In the Department of Psychology, acts of academic misconduct are taken very seriously. Such acts diminish the educational experience for all involved – students who commit the acts, classmates who would never consider engaging in such behaviors, and instructors. Academic misconduct includes, but is not limited to, cheating on assignments and exams, stealing exams, sabotaging the work of classmates, submitting fraudulent data, plagiarizing the work of classmates or published and/or online sources, acquiring previously written papers and submitting them (altered or unaltered) for course assignments, collaborating with classmates when such collaboration is not authorized, and assisting fellow students in acts of misconduct. Students who have knowledge that classmates have engaged in academic misconduct should report this to the instructor.

Diversity and Inclusion

Institutional statement on diversity: “Diversity is a source of strength, creativity, and innovation for UW-Madison. We value the contributions of each person and respect the profound ways their identity, culture, background, experience, status, abilities, and opinion enrich the university community. We commit ourselves to the pursuit of excellence in teaching, research, outreach, and diversity as inextricably linked goals.

The University of Wisconsin-Madison fulfills its public mission by creating a welcoming and inclusive community for people from every background – people who as students, faculty, and staff serve Wisconsin and the world.”

Academic Integrity

By enrolling in this course, each student assumes the responsibilities of an active participant in UW-Madison’s community of scholars in which everyone’s academic work and behavior are held to the highest academic integrity standards. Academic misconduct compromises the integrity of the university. Cheating, fabrication, plagiarism, unauthorized collaboration, and helping others commit these acts are examples of academic misconduct, which can result in disciplinary action. This includes but is not limited to failure on the assignment/course, disciplinary probation, or suspension. Substantial or repeated cases of misconduct will be forwarded to the Office of Student Conduct & Community Standards for additional review. For more information, refer to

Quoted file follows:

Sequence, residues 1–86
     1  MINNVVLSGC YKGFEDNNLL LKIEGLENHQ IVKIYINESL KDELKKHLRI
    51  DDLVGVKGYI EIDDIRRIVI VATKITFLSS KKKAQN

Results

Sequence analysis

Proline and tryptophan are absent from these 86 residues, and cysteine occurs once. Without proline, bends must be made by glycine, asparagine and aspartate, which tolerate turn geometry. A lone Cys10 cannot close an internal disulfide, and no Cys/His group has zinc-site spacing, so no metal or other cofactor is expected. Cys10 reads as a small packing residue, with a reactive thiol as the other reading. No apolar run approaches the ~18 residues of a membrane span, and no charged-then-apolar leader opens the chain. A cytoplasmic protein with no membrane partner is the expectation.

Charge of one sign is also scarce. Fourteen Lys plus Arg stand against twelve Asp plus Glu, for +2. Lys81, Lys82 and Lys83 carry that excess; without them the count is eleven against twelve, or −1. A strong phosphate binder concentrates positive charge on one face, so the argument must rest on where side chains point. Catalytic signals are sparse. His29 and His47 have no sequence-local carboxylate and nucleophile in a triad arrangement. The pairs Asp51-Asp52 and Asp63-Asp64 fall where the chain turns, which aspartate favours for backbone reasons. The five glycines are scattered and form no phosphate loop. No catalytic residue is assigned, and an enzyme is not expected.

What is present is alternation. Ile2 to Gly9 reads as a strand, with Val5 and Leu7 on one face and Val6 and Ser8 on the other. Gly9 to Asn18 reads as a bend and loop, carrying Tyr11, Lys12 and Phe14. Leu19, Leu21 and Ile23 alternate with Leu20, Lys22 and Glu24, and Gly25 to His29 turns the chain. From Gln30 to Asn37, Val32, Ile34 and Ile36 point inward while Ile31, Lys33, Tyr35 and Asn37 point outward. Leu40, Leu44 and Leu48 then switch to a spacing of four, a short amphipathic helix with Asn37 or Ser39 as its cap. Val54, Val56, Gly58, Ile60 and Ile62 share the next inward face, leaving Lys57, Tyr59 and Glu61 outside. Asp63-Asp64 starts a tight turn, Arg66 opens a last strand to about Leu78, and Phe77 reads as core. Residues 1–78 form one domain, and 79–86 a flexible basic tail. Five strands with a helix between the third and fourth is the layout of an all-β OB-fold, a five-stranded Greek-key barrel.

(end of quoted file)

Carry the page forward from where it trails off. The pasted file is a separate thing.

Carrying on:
Accommodations Polices

McBurney Disability Resource Center syllabus statement: “The University of Wisconsin-Madison supports the right of all enrolled students to a full and equal educational opportunity. The Americans with Disabilities Act (ADA), Wisconsin State Statute (36.12), and UW-Madison policy (Faculty Document 1071) require that students with disabilities be reasonably accommodated in instruction and campus life. Reasonable accommodations for students with disabilities is a shared faculty and student responsibility. Students are expected to inform faculty [me] of their need for instructional accommodations by the end of the third week of the semester, or as soon as possible after a disability has been incurred or recognized. Faculty [I], will work either directly with the student [you] or in coordination with the McBurney Center to identify and provide reasonable instructional accommodations. Disability information, including instructional accommodations as part of a student’s educational record, is confidential and protected under FERPA.”

UW-Madison students who have experienced sexual misconduct (which can include sexual harassment, sexual assault, dating violence and/or stalking) also have the right to request academic accommodations. This right is afforded them under Federal legislation (Title IX). Information about services and resources (including information about how to request accommodations) is available through Survivor Services, a part of University Health Services:


Occasionally, a student may have a complaint about a TA or course instructor. If that happens, you should feel free to discuss the matter directly with the TA or instructor. If the complaint is about the TA and you do not feel comfortable discussing it with them, you should discuss it with the course instructor. Complaints about mistakes in grading should be resolved with the TA and/or instructor in the great majority of cases. If the complaint is about the instructor (other than ordinary grading questions) and you do not feel comfortable discussing it with them, make an appointment to speak to the Associate Chair for Graduate Studies, Professor Kristin Shutts, .